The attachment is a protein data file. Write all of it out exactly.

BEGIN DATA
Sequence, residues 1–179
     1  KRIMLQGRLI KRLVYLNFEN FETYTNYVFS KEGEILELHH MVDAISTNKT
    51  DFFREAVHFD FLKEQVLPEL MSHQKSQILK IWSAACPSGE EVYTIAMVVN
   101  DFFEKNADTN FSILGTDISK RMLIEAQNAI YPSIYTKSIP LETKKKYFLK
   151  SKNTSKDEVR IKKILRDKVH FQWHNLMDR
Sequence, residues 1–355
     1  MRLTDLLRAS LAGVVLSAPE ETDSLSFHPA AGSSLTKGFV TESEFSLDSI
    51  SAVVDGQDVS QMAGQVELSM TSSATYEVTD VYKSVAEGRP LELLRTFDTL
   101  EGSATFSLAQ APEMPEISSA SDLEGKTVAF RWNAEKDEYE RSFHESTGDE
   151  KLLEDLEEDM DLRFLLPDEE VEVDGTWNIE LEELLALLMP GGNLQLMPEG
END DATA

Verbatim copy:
Sequence, residues 1–179
     1  KRIMLQGRLI KRLVYLNFEN FETYTNYVFS KEGEILELHH MVDAISTNKT
    51  DFFREAVHFD FLKEQVLPEL MSHQKSQILK IWSAACPSGE EVYTIAMVVN
   101  DFFEKNADTN FSILGTDISK RMLIEAQNAI YPSIYTKSIP LETKKKYFLK
   151  SKNTSKDEVR IKKILRDKVH FQWHNLMDR
Sequence, residues 1–355
     1  MRLTDLLRAS LAGVVLSAPE ETDSLSFHPA AGSSLTKGFV TESEFSLDSI
    51  SAVVDGQDVS QMAGQVELSM TSSATYEVTD VYKSVAEGRP LELLRTFDTL
   101  EGSATFSLAQ APEMPEISSA SDLEGKTVAF RWNAEKDEYE RSFHESTGDE
   151  KLLEDLEEDM DLRFLLPDEE VEVDGTWNIE LEELLALLMP GGNLQLMPEG